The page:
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Tech Report – Nintendo DSi XL

By Paul O'Reilly

Even though there continues to be fierce competition among the major console manufacturers, there has only ever been one dominant brand when it comes to handheld gaming. Despite attempts by Sony to break the stranglehold with the PSP, Nintendo's DS has ruled the roost, selling over 125 million units worldwide, making it the best-selling gaming platform ever.

But recently, stronger competition has come from an unexpected source – Apple's iPhone. Although primarily marketed as a communications tool, the App Store has also turned the iPhone into one of the most popular gaming devices. According to an NPD report, over 65% of the more than 2 billion apps that have been downloaded for the iPhone are games.

While Apple and social networks like Facebook have revolutionized casual gaming, Nintendo has hardly rested on its laurels. Early last year it introduced the DSi, featuring robust Wi-Fi connectivity and a dual-camera system, and this week sees the unveiling of the fourth iteration of the DS platform with the DSi XL.

There are no prizes for guessing that the XL stands for "extra large". It will take traditional DS fans some time to get used to the twin 4.2-inch screens, which are 93% bigger than those on the DS Lite. Although the larger overall size means the device will no longer slip into a jeans pocket, it's still small enough to be ultra-portable.

With the exception of the screen sizes, very little else has changed, which might be a relief or a disappointment depending on your point-of-view. The bottom display is still touch-sensitive and interacts well with the bundled stylus. The XL has the much-praised dual-camera system, the voice recorder, and the ability to play music through optional SD memory cards.

Sensibly, the XL is fully compatible with DS game cartridges and the Wi-Fi feature allows downloads and access to the DSi shop.

It's hard to tell how much the timing of the launch of the XL has to do with the impending arrival of Apple's iPad. The fact that they are hitting stores here in the U.S. during the same week is surely coincidental, but there's no doubt that a "big-screen" DS is partly aimed at retaining gamers that could be attracted by the possibilities of the 10-inch display on the iPad.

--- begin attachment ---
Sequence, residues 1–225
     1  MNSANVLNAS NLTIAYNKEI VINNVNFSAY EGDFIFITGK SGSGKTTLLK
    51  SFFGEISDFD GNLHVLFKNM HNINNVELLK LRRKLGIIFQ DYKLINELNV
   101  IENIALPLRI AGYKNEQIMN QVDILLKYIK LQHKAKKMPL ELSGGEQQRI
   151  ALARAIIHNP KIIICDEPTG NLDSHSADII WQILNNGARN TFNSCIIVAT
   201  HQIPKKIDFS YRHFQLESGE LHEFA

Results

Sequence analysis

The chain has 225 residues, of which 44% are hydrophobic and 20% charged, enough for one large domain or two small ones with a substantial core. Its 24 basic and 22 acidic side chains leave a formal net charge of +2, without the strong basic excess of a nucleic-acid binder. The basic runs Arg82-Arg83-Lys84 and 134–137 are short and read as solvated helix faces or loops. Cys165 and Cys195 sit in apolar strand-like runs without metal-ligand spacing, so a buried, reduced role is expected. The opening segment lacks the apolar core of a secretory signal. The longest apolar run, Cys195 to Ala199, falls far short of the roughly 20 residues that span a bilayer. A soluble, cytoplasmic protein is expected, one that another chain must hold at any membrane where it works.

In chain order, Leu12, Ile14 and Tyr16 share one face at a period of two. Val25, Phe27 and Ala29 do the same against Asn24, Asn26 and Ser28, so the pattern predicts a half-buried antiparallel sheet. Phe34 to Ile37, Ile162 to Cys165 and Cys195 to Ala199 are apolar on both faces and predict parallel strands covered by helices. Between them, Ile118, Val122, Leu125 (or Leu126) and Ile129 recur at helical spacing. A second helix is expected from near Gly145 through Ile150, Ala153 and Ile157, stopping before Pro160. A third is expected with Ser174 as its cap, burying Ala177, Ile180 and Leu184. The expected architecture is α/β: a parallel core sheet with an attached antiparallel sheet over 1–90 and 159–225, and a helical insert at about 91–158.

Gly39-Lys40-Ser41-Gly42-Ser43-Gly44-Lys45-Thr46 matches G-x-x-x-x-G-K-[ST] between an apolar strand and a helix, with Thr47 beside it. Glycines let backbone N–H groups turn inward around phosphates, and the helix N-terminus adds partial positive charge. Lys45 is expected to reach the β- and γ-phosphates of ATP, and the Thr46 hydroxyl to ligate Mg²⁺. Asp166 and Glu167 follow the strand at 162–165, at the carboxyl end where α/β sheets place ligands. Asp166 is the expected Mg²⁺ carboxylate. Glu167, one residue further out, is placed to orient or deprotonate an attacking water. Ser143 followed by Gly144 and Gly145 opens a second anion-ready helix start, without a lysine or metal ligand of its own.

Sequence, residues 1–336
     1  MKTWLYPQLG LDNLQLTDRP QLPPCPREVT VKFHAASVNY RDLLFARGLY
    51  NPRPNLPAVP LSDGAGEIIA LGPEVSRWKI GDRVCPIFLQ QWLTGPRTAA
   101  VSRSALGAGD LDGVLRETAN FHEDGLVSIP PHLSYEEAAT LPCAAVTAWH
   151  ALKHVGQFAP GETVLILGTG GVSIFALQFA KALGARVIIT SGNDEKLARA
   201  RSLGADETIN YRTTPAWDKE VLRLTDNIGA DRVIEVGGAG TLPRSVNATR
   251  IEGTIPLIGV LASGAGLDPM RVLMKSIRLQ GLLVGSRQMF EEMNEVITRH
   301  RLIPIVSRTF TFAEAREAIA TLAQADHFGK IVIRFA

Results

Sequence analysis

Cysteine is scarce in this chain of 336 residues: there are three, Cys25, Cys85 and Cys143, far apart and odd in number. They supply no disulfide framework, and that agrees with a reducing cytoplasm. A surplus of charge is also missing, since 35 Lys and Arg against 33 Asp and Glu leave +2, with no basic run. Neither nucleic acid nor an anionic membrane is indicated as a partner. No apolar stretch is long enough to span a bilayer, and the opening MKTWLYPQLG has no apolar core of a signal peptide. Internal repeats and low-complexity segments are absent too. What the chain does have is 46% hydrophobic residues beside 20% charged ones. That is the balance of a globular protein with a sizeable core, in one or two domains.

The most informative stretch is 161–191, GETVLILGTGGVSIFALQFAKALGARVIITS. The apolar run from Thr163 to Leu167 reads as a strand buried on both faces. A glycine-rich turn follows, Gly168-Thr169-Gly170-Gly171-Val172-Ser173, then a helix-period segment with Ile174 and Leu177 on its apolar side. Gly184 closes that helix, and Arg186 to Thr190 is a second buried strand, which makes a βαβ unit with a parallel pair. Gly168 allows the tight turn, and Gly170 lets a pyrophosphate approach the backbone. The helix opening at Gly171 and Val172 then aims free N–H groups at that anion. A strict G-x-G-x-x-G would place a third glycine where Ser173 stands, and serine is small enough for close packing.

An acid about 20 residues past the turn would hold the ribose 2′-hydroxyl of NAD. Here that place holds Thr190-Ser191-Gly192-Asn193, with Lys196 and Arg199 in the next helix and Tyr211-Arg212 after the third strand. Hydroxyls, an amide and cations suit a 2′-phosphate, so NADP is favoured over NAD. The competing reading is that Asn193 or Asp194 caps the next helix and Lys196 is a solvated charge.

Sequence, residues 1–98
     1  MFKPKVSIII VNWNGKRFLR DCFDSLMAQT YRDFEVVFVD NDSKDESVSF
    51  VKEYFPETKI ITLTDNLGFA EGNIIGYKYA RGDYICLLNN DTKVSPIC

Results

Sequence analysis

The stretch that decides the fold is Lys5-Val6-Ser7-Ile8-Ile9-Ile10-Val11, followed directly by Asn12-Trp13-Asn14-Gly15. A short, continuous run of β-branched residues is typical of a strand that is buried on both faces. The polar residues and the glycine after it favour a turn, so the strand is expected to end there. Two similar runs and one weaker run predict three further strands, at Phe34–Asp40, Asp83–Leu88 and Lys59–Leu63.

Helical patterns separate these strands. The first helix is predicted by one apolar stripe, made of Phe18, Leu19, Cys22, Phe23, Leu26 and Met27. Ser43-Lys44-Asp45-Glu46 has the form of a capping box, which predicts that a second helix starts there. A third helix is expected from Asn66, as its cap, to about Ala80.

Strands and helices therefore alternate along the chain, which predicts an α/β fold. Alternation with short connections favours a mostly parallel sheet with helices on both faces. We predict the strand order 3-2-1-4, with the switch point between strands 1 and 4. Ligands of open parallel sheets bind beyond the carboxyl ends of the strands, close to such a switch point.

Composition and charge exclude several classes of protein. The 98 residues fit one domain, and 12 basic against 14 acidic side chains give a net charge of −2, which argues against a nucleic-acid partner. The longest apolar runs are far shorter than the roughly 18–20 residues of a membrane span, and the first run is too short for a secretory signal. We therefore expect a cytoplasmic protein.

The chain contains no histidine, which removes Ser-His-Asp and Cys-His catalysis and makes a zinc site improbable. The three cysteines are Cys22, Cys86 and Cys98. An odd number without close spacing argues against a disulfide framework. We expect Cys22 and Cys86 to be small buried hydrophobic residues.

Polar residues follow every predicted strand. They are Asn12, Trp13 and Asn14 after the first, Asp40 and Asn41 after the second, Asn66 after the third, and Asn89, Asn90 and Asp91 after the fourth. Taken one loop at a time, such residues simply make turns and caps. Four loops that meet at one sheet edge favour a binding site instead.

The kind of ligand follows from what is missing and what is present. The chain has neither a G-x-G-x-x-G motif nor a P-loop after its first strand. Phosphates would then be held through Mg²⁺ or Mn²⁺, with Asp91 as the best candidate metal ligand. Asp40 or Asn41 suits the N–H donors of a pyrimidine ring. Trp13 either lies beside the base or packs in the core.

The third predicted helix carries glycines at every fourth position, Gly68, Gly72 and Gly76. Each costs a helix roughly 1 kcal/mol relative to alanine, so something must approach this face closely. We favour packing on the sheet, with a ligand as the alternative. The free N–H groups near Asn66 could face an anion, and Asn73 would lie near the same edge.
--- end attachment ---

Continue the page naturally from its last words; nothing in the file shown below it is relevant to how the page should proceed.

However, any attempt to compare screen quality will result in disappointment for Nintendo fans, as the XL's resolution hasn't changed from the DSi or the DS Lite before it. However, the XL has the potential to turn the DSi into a serviceable e-reader and that's clearly another area in which Nintendo intends to compete.

For hardcore gamers – as opposed to casual gamers – Nintendo will still have the edge, particularly when it comes to price. Although owners of existing DSi systems may want to take a pass, the $189.99 XL represents a very worthwhile upgrade for gamers that are still using the original DS or the DS Lite.

Comment by SAM, posted 6/22/2010, 9:12 AM:

Comment by Marcia, posted 3/30/2010, 1:03 PM:

Good article! Getting the DSi XL was a good decision for me. The reasons are that the screen is larger, it comes pre-loaded with three games (Brain Age Express: Math, Brain Age Express: Arts & Letters and Photo Clock); Flip Note, DSi Browser, and Photo Clock are already loaded. My son likes the idea that he can sit with me while I play my games and actually see the screen comfortably. This new system has made game play a lot easier and this mother happier.
Comment by LisaVisa, posted 3/30/2010, 12:51 AM:

100% agree! It's definitely a nice option for people looking to upgrade from models older than the DSi, which is me! I'm not worried about the 3DS at all since in the gaming market, each electronics giant is ALWAYS announcing something new and the consumers either stay put or trade it in for credit towards the new console on the block. Also, why would I not enjoy the XL for a good year or so? There could very well be production delays and I may as well have fun in the meantime.
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